Levy v Arbor Commercial Funding, LLC

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Levy v Arbor Commercial Funding, LLC 2016 NY Slip Op 03063 Decided on April 21, 2016 Appellate Division, First Department Published by New York State Law Reporting Bureau pursuant to Judiciary Law ยง 431. This opinion is uncorrected and subject to revision before publication in the Official Reports.

Decided on April 21, 2016
Mazzarelli, J.P., Renwick, Moskowitz, Kapnick, Kahn, JJ.
654 156336/12

[*1]Victor Levy, Plaintiff-Appellant,


Arbor Commercial Funding, LLC, et al., Defendants-Respondents.

The Graber Law Firm, New York (Daniel A. Graber of counsel), for appellant.

Cullen and Dykman, LLP, Garden City (Thomas S. Baylis of counsel), for respondents.

Order, Supreme Court, New York County (Ellen M. Coin, J.), entered December 19, 2014, which granted defendants' motion for summary judgment dismissing the complaint and denied plaintiff's cross motion to amend the complaint, unanimously modified, on the law, to the extent of reinstating plaintiff's second cause of action for breach of contract and remanding for further consideration of this claim on the merits, and otherwise affirmed, without costs.

The motion court incorrectly determined that an alleged conversation between the parties' counsel during a federal forfeiture proceeding involving the condominium unit at issue in this action is rendered inadmissible by the common-interest privilege. The common interest privilege serves as an exception to the general rule that the presence of a third party at a communication between counsel and client will waive a claim that a communication is confidential (see Matter of San Diego Gas & Elec. Co. v Morgan Stanley Senior Funding, Inc., 136 AD3d 547 [1st Dept 2016]. "Under this doctrine, a third party may be present at the communication between an attorney and a client without destroying the privilege if the communication is for the purpose of furthering a nearly identical legal interest shared by the client and the third party" (Ambac Assur. Corp. v Countrywide Home Loans, Inc., 124 AD3d 129, 130 [1st Dept 2014]). Here, while it may be the case that during the federal action, plaintiff and defendants sought to establish the validity of their mortgage interests in the condominium, as well as to expedite the sale of the condominium to limit potential investment losses, this is of no moment, because the common interest doctrine does not create a privilege. Rather, it operates only to prevent waiver of the attorney client privilege and is, therefore, inapplicable in this case.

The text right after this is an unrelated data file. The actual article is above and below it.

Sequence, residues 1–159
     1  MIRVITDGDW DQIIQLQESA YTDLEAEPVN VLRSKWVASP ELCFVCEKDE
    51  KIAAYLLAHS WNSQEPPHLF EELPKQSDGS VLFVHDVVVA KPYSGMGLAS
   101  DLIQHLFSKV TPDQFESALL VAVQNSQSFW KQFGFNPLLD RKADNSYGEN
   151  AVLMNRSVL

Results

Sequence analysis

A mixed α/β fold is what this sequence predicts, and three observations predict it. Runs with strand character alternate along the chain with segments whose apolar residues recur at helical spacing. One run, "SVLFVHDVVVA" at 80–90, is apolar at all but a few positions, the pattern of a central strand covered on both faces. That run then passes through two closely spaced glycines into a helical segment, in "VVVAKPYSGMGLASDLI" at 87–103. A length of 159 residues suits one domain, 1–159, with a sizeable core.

Moreover, we decline to expand the doctrine to cover this unusual scenario where communications between two attorneys, who do not allege that they were operating under any confidentiality agreement, or otherwise had some expectation of confidentiality, can prevent their discussions from being disclosed or used as evidence in a later litigation between the same two parties who are now adversaries in a separate litigation. Indeed, as plaintiff aptly notes, Ambac Assur. Corp. (124 AD3d 129 [1st Dept 2014]) does not hold that communications subject to the common interest privilege are considered privileged as between the parties themselves in a later dispute; rather, the communications between the parties are privileged with respect to third [*2]parties. This interpretation of the common interest privilege makes perfect sense, as the attorney client privilege is meant to operate as a shield or a sword, but not both at once (see United States v Bilzerian, 926 F2d 1285, 1292 [2d Cir 1991] cert denied 502 US 813 [1991]; cf. People v Osorio, 75 NY2d 80 [1989]).

We further note, not incidentally, that the allegedly privileged communications were openly stated in plaintiff's motion papers and are recited again on appeal; there is no indication in the record of any efforts defendants took to seek a protective order, strike them from the record, or otherwise protect against waiver. Therefore, this evidence may be used by plaintiff and the court in its consideration of plaintiff's claims on their merits.

The motion court properly denied plaintiff's cross motion for leave to amend his complaint to assert causes of action demanding a return of nearly $2 million transferred to defendants. Plaintiff's alleged damages cannot be reasonably inferred, given the documentary evidence submitted on defendants' motion showing that plaintiff recovered the full amount of the funds transferred to defendants (see Risk Control Assoc. Ins. Group v Maloof, Lebowitz, Connahan & Oleske, P.C., 127 AD3d 500 [1st Dept 2015]).





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